Generally, once you buy a magazine ad, you’re locked in no matter what. Once they start printing, you cannot back out. Refunds are rare. You don’t get high frequency with magazine advertising unless you buy an entire year’s worth, but even then readers will see your ad about once a month for most magazines. And finally, you only get exposure to one person at a time, as opposed to a whole room or car-full of prospects as in radio or TV. But there’s one additional venue to consider when advertising.
And that’s the Sunday magazine supplement. Let’s weigh the pros and cons of it. First, the pros… you get superior quality color on high quality paper, allowing for effective product presentations, but only if you’re willing to pay top dollar.
Sunday supplements are great for insertions. Most Sunday papers and magazines offer lots of extras… which are why many readers buy this publication in the first place. Many people live to scan and clip coupons.
Supplements give you ample opportunity to use long copy. They’re among the best place to make a long, detailed pitch. As we said, people love to clip coupons, and this is the place advertisers will use for special insertions… from coupons and sweepstakes to contests and surveys.
You have a better chance here for repeat exposure to your ad than newspapers or magazines. People tend to hang onto the Sunday paper longer… and they typically read it with a greater degree of attention because they’re more relaxed and have more time on Sunday to linger over the paper.
Supplements can reach large numbers of people in a short time. You can get very creative here, similar to magazines. This means pop-ups, specials inks, scratch-and-sniff samples… and even insertion of product samples. These can frequently reach nonreaders who might be part of an advertiser’s secondary target audience. High readership and an above average repetition factor make supplement advertising a good deal for scarce advertising dollars.
Production costs for your ad will be less than all other media, except for newspaper. These can reach people who don’t ordinarily read newspapers or pay attention to other media. Many simply consider the Sunday paper “special.” You get immediate delivery to an entire audience… in some case that’s millions of people in just one day. They can have national, regional, or local distribution… although national is less likely with most Sunday supplements, except the real big ones such as the New York Times. And finally, Sunday publications have higher penetration… and greater readership locally than do competing publications or other media.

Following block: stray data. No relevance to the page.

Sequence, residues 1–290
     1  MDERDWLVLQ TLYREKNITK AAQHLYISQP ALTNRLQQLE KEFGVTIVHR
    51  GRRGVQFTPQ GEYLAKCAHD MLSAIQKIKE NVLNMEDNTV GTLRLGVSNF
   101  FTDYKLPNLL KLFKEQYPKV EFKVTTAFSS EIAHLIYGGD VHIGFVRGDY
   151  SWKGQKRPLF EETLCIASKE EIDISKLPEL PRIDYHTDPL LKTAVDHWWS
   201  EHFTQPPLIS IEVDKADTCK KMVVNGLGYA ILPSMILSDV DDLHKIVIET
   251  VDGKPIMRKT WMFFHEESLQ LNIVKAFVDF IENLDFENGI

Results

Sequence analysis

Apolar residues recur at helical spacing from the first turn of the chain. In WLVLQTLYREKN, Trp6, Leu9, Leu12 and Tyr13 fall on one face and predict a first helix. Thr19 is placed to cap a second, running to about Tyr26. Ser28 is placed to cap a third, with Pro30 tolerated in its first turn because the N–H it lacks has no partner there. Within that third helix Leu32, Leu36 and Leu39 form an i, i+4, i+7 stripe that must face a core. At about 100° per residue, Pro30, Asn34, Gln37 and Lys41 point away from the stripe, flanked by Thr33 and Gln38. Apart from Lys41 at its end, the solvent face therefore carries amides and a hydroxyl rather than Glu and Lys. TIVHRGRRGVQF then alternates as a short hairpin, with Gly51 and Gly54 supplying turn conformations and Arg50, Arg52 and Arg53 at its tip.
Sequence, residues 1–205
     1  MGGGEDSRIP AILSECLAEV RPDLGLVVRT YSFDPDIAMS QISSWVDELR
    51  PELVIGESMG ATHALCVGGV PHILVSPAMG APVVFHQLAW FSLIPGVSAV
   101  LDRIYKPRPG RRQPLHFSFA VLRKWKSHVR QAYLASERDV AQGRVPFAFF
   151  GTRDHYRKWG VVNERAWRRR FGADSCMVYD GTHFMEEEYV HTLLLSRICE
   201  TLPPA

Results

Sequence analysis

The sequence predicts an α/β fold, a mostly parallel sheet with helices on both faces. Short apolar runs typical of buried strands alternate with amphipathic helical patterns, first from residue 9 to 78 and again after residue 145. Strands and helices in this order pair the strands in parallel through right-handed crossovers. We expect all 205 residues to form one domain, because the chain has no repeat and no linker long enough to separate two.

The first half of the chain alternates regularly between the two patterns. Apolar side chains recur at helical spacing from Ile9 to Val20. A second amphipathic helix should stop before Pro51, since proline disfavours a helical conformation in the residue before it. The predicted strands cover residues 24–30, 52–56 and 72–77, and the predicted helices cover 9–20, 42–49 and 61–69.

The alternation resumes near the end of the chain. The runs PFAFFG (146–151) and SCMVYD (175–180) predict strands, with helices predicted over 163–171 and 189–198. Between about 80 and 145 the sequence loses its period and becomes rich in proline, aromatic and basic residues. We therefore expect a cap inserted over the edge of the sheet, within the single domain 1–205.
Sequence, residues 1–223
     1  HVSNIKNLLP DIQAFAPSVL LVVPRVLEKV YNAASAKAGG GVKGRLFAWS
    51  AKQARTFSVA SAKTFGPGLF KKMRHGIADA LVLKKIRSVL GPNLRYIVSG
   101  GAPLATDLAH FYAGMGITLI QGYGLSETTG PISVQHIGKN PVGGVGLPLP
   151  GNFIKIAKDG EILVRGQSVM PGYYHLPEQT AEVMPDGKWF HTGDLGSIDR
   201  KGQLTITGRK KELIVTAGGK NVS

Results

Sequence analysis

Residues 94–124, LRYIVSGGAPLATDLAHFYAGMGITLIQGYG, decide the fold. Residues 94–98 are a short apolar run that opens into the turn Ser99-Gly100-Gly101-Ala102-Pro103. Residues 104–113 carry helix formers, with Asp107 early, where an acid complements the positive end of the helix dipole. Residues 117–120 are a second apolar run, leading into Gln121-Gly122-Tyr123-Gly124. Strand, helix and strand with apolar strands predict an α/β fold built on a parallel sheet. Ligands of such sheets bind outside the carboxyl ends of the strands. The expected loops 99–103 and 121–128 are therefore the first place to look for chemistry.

But now for the bad. These ads don’t force themselves on readers like radio or TV does. In other words, they’re nonintrusive. There’s no sound or movement. They usually require advertising materials well in advance of the issue date. Some even have longer lead times than magazines.
They’re relatively inflexible for accommodating last minute changes. Most Sunday ads are set in stone immediately after you issue a check… and if something comes up, you won’t get a refund. Frequency is also lacking because they only come out on Sundays, and in most cases, people don’t make connections from one Sunday to the next.
This type of advertising is extremely expensive if you want national or regional coverage. Large space ads are very expensive and they’re here today and gone tomorrow most of the time. They’re relatively short-lived, and quickly end up lining a bird cage. They’re not your best choice for delivering ad messages to young people such as tweens, teens, young adults and especially children. Most often, your ad is seen by only one person at a time, unlike radio or TV, which can deliver a message to a roomful of people all at once.
Next time, let’s sum up all advertising mediums and provide some tips on selecting the one that’s right for your clients.
So until next time
About Adrian Ulsh
Adrian Ulsh is the CEO for Leader Publishing Worldwide, the largest online provider of coaching services worldwide. Adrian currently works with more than 500 coaches in 24 countries advising them on building 6 and 7 figure coaching practices.